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Commentary and Analysis

Future Imperfect

For Israeli and Palestinian youth, a longing for normalcy has been dashed by the tide of violence.

July 21, 2002|AMY WILENTZ | Amy Wilentz is the author, most recently, of "Martyrs' Crossing: A Novel."

NEW YORK — When Israeli Prime Minister Yitzhak Rabin was killed in the fall of 1995, I was at a Jerusalem hospital with my newborn baby, who doctors mistakenly thought had pneumonia. New to the city, I didn't know where the hospital was or how to get there, so a friend, an older Israeli woman with a bad sense of direction, got me there, circuitously, and while we were sitting waiting for the baby's X-rays to come back, the news came on that Rabin had been shot; we did not know yet whether he would survive.

I remember her face, already weathered by so much experience in crisis. She had participated in the War of Independence, had been in Jerusalem during all the many really rough times, had even known Rabin and his wife in the days when they were all young and hopeful and comrades in arms--and now it had come to this. When they finally broadcast the news that he had died, her face collapsed.

"He was the only one," she said. "This is the worst news."

The next night, I walked over to Rabin's Jerusalem residence, a few blocks from my house. An important Israeli art school is nearby, and all the art students were out, wearing black jeans and white T-shirts (not a special uniform for the occasion but their everyday outfit), sitting on the ground in front of the fences and walls, lighting candles and writing poems the way teenagers do to mark any meaningful passing. They were trying to pluck hope out of what looked like a really bad situation: the senior statesman, prime minister of peace, a man of their grandparents' generation, shot down by a radical right-wing Israeli religious militant their own age, more or less. Israel was changing.

"What will come next?" one serious, thin, blond girl asked me. Her mother, a Peace Now activist and, therefore (as they used to be) eternally hopeful, answered, "A resurgence of support for the peace process." No one wanted to frighten the children, and back then, peace seemed unstoppable. Even people who were traditionally pessimistic could not deny its imminent advent.

We were wrong, of course, and now many of those same young people and their contemporaries--called since that night of remembrance "the children of the candles"--are fighting at close quarters in Jenin and reoccupying the West Bank. They and their contemporaries are dying in suicide bombings or suffering terribly in rehab centers for trauma injury. When they go out and try to be teenagers and young adults, they're exploded in lines waiting to get into nightclubs, blasted to smithereens because they went out to have a cup of coffee, bombed as they go into the grocery store for a red pepper to complement the fish dinner. Even little kids are not exempt: Schoolchildren are killed on buses and babies are torn apart sitting in strollers in pizza parlors.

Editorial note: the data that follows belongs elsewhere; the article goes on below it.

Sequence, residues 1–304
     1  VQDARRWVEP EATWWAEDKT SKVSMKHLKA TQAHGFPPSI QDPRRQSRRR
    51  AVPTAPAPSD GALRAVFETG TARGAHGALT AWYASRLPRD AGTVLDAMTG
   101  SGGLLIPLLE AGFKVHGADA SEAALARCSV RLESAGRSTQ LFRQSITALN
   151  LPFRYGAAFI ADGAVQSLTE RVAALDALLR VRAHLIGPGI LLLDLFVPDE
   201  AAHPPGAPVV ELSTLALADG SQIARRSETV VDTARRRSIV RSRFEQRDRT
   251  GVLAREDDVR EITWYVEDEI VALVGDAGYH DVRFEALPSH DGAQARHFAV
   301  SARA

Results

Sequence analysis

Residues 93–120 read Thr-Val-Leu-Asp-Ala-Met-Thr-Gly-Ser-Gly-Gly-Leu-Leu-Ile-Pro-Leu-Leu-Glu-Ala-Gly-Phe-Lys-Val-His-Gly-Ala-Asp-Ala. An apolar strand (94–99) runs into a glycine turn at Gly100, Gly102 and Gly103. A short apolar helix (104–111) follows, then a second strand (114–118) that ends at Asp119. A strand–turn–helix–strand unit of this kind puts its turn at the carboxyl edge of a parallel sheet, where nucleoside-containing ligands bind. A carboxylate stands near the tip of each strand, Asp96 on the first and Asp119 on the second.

War is a terrible thing. For years during the Oslo peace process, Israelis could imagine that they lived in a country not at war, one that was close to normalizing its relations with its enemies and therefore close to normalizing its own interior, domestic life. It was a different world then. The red Egged Co. buses were a sign of national cohesion, not rolling engines of a possible death. Places where people congregate were exactly that: places where people congregated, not vast empty pedestrian plazas or cave-like shopping malls or echoing cafes and restaurants. Soldiers were in some places, but not everywhere. Now the space for secular life is gone. Playgrounds are sparsely played in. And although people still go out--teenagers, the most intrepid of all--there is a sense of foreboding with each social foray. Better to invite people over, the kids think. Better skip the bagel in Zion Square. I have an espresso maker in the kitchen; why should we go out to Kafit?

In these conditions, for a large swath of Israeli youth, it's harder to believe in a place called Israel. Israel was home; now it's a waking nightmare. Though they continue to believe in the country, and to fight and die for it (or its leaders' version), they are frightened for the future and beginning to question. No one can say for how long these kids will be willing to uphold an old embattled general's idea of what Israel should be.

It's easy to empathize with the cut-off lives of Israeli kids and teenagers because they seemed to hold so much potential, seemed so like the lives of American or European children and teenagers, with their consumerism, their education, their video games and shopping malls.

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